Holding hands, kissing,
you would have gone further.
I was afraid I’d be stuck in that place,
surrounded by factory fumes
and the polluted water
from the refinery at Kurnell.
Your father fished out there
as your family had for generations.
Long before I met you,
my father and I would go to the pier
to catch yellow tail and flathead.
On weekends, the neighbourhood children stood
on the sandstone wall
watching the sea fill with jellyfish.
Land development scoured the seagrass beds
preparing for the runway and the port.
The fish disappeared.
I still can’t help but rely on childhood memory
to retrace the old coastline:
When you crossed Botany Road
at Wilson Street and went down Fremlin,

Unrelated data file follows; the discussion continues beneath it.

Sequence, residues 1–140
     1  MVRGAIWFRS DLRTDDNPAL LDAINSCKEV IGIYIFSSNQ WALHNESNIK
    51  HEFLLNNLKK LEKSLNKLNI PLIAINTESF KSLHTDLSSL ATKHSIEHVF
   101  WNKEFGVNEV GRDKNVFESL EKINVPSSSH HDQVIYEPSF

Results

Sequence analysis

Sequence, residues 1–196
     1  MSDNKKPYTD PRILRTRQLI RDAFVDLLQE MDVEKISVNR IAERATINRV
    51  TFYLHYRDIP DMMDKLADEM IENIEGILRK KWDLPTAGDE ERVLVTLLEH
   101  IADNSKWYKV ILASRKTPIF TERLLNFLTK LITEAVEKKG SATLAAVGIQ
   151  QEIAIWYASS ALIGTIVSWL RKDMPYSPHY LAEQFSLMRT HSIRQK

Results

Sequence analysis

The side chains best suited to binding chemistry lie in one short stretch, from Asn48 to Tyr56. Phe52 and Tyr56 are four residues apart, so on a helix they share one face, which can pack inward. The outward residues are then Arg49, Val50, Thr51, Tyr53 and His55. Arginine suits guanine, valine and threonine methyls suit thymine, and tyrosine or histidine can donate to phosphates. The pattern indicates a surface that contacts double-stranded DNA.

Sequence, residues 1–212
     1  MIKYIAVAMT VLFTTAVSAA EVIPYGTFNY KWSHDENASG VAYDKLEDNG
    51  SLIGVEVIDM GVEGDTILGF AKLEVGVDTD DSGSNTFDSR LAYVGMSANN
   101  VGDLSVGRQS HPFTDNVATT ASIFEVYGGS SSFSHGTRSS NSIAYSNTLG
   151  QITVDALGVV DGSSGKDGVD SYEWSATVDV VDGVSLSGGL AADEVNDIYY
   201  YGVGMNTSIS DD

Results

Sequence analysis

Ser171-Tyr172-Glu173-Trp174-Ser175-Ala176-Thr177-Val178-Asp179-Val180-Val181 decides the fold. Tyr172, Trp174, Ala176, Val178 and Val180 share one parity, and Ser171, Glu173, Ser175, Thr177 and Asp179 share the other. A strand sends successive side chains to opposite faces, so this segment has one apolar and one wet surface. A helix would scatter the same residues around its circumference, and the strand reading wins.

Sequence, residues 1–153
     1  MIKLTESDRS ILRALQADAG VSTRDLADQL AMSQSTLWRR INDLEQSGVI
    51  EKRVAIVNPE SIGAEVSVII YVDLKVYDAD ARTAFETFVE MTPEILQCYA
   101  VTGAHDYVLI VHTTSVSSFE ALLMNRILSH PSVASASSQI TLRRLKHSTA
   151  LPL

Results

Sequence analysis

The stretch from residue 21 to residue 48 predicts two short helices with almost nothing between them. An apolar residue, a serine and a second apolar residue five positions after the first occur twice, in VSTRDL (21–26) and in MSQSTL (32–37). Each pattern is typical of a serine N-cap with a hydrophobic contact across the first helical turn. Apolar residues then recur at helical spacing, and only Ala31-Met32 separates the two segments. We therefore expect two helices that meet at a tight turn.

there was a boat ramp right at the very end.
You took a left, around the back
of the golf club to the pier,
or a right, into the park
to the swings and monkey bars
and headed for the shore,
to the wall that’s no longer there,
claimed by Foreshore Road
and the to-ing and fro-ing
of cars, semis, and trucks that roar
towards Port Botany, Matraville cemetery
or Sydney airport.
The Bay remembers the spawning grounds
with every gasping take off.